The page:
# Basic sequence help. (Convergence)

1. Oct 24, 2011

### tamintl

Im struggling with the concept of this basic sequence question.

Let x(n) be a sequence such that lim(n->00) (nx(n)) = 0

i.e. it converges to zero...

How could i show that there is an N s.t. for all n≥N : -1 < nx(n) < 1

Any tips would be great.. I don't want an answer.. I want to be guided through it please.

Regards as ever.
Tam

2. Oct 24, 2011

### spamiam

What is the definition (using $\epsilon$ and N) of convergence for a sequence? Once you've written that, it should be straightforward to answer your question.

3. Oct 25, 2011

### tamintl

the convergence of a seq:

A sequence {r^n}00n=0 converges if -1< r <1

Same as above but replace 'r^n' with 'nx(n)

Thanks so far

4. Oct 25, 2011

### Dr. Seafood

^ Wut?? That's the result of convergence of a geometric series, it's very different.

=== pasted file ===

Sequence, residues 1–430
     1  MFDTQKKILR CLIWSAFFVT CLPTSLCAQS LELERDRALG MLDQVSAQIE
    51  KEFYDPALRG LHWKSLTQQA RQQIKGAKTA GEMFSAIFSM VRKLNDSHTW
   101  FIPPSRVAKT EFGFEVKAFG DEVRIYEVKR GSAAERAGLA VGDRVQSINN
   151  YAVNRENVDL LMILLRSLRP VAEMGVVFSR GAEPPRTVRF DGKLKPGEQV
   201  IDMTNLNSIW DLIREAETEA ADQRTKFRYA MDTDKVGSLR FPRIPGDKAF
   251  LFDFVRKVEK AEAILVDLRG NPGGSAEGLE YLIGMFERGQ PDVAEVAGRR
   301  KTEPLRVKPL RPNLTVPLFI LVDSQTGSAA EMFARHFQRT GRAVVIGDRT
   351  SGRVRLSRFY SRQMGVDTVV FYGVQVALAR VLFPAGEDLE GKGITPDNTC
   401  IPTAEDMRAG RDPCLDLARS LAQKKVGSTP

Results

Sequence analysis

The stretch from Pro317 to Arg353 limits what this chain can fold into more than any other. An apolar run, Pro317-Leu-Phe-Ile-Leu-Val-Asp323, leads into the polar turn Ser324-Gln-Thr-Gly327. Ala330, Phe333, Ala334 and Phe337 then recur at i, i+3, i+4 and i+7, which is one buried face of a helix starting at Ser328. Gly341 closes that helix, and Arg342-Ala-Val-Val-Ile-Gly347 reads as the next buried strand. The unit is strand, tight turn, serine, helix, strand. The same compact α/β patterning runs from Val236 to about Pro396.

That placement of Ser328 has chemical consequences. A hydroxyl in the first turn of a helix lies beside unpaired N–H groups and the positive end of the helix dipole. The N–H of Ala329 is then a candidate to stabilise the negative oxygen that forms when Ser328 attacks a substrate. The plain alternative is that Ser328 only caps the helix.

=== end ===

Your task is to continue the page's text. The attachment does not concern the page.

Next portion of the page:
A sequence of real numbers $(x_n)$ converges when there exists a number $L \in \mathbb{R}$ such that, for any $\epsilon > 0$, I can find a number $N \in \mathbb{N}$ so that $|x_n - L| < \epsilon$ whenever $n > N$. This is very wordy but I'm sure this was introduced in your math class. The number L is the limit of the sequence $(x_n)$.

What do you mean by "nx(n)"? Do you mean $nx_n$?? If so, to show your desired result, use the definition from above. We know that for any number $\epsilon > 0$, I can find $N \in \mathbb{N}$ so that $|nx_n - L| < \epsilon$ whenever n > N. Fill in the details now: we know L = 0. Also, the previous statements work for any chosen $\epsilon$ -- how can you choose $\epsilon$ to get the result?

5. Oct 26, 2011

### tamintl

Right:

|x(n) - L| < ε

therefore: |nx(n) - 0| < ε

therefore: nx(n) <

so, -ε < nx(n) < ε

so, take epsilon to be ε=1 and we have: -1 < nx(n) < 1

How does this look guys?

Thanks so far